Food incidents, product withdrawals and recalls
How to report, respond to and prevent an incident, including how to withdraw or recall unsafe food products.
What a food incident is
A food incident occurs when concerns around the safety or quality of food (and/or feed) may require action to protect consumers.
Incidents broadly fall into two categories:
- contamination of food or animal feed in processing, distribution, retail and catering
- environmental pollution incidents such as fires, chemical/oil spills and radiation leaks
Product withdrawals and recalls
As a result of a food incident, a food product may have to be withdrawn or recalled.
A withdrawal is when unsafe food is removed from the supply chain before it has reached consumers.
A recall is when unsafe food is removed from the supply chain and consumers are advised to take appropriate action, for example to return or dispose of the unsafe food.
Reporting a food incident
If you believe food or feed you have supplied is either harmful to health, unfit for people to eat or does not meet legal requirements, you should:
- immediately withdraw or recall the food from the market
- tell your competent authority (local authority or port health authority), which will advise you of any further action you might need to take
If you believe unsafe food has reached consumers, tell the FSA incidents team. A recall notice may need to be issued by us.
To help with this, you need to be able to identify your suppliers and food business customers.
Traceability, withdrawals and recalls guidance
Our 'Guidance on Food Traceability, Withdrawals and Recalls within the UK Food Industry' explains what the law requires and what businesses need to do.
It includes advice and best practice on:
- traceability systems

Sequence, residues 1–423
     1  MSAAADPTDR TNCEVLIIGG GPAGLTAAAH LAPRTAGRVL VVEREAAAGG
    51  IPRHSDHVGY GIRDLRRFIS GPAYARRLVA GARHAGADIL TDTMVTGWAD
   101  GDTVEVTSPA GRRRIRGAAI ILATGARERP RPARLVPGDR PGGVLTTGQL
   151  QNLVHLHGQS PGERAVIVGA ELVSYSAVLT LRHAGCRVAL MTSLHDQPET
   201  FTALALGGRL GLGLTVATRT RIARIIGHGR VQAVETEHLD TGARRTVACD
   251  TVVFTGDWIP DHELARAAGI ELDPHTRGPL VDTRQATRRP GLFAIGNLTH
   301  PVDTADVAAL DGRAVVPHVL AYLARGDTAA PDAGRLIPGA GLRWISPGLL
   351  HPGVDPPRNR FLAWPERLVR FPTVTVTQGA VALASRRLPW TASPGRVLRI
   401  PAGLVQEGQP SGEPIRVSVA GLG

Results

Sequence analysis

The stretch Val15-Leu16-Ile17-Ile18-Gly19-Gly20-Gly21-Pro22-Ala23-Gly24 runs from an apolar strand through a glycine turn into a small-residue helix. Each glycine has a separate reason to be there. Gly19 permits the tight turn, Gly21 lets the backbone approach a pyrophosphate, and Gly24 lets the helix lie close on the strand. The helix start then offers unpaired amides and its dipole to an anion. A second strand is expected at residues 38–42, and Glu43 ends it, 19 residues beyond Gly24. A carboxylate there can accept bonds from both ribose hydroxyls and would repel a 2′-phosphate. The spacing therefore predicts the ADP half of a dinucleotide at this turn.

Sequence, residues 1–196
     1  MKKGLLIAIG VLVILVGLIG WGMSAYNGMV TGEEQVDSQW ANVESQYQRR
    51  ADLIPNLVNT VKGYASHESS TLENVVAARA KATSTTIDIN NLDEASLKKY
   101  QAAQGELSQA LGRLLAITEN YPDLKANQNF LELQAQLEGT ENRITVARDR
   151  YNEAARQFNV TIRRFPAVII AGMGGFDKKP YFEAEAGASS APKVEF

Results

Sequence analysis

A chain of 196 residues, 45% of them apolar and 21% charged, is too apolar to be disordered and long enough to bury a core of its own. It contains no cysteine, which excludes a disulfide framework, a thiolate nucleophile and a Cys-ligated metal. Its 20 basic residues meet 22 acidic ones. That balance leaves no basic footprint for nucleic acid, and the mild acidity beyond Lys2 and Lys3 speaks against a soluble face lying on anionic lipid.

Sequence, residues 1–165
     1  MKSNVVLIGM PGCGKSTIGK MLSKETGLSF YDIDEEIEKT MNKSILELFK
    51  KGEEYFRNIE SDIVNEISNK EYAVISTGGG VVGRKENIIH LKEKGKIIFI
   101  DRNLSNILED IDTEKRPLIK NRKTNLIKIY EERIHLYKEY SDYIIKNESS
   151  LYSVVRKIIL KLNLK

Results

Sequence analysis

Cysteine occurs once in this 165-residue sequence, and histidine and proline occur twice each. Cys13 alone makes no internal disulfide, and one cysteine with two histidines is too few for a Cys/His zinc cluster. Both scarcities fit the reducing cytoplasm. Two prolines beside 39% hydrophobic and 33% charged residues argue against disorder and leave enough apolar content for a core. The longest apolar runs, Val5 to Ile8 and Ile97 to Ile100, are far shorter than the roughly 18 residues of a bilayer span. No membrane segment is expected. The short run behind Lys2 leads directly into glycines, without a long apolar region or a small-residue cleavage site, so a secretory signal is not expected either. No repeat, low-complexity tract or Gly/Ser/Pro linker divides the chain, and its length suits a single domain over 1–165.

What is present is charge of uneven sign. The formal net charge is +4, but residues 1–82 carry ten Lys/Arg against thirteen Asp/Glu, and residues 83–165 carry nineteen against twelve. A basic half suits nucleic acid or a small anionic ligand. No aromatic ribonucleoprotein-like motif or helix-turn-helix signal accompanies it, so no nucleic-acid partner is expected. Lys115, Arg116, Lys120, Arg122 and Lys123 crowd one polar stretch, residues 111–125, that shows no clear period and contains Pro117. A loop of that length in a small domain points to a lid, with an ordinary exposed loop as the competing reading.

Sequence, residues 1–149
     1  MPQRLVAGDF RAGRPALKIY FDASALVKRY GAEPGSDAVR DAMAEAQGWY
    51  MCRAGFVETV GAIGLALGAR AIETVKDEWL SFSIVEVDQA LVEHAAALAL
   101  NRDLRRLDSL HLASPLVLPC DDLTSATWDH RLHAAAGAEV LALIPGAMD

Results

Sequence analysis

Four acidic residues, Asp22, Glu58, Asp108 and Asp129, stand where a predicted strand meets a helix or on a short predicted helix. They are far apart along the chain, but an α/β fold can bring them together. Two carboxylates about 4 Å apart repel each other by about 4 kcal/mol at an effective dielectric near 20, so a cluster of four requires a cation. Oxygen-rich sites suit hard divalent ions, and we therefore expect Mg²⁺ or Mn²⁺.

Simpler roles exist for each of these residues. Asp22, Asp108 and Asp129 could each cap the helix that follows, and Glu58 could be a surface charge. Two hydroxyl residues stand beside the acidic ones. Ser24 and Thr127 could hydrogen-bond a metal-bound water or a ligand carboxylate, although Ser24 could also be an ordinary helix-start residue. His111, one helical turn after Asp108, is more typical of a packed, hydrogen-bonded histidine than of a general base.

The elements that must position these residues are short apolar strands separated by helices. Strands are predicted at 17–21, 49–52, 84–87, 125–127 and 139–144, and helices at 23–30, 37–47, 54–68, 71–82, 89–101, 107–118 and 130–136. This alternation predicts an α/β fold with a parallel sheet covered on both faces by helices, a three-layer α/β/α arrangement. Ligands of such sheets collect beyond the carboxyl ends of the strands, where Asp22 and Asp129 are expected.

- making a decision and carrying out a withdrawal or recall
- roles and responsibilities
- how to inform consumers of a food recall
EU references in FSA guidance documents
The FSA is updating all EU references, to accurately reflect the law now in force, in all new or amended guidance published since the Transition Period ended at the end of 2020. In some circumstance it may not always be practicable for us to have all EU references updated at the point we publish new or amended guidance.
Other than in Northern Ireland, any references to EU Regulations in this guidance should be read as meaning retained EU law. You can access retained EU law via HM Government EU Exit Web Archive. This should be read alongside any EU Exit legislation that was made to ensure retained EU law operates correctly in a UK context. EU Exit legislation is on legislation.gov.uk.
In Northern Ireland, EU law will continue to apply in respect to the majority of food and feed hygiene and safety law, as listed in the Northern Ireland Protocol, and retained EU law will not apply to Northern Ireland in these circumstances.
The following tools will help when carrying out a recall: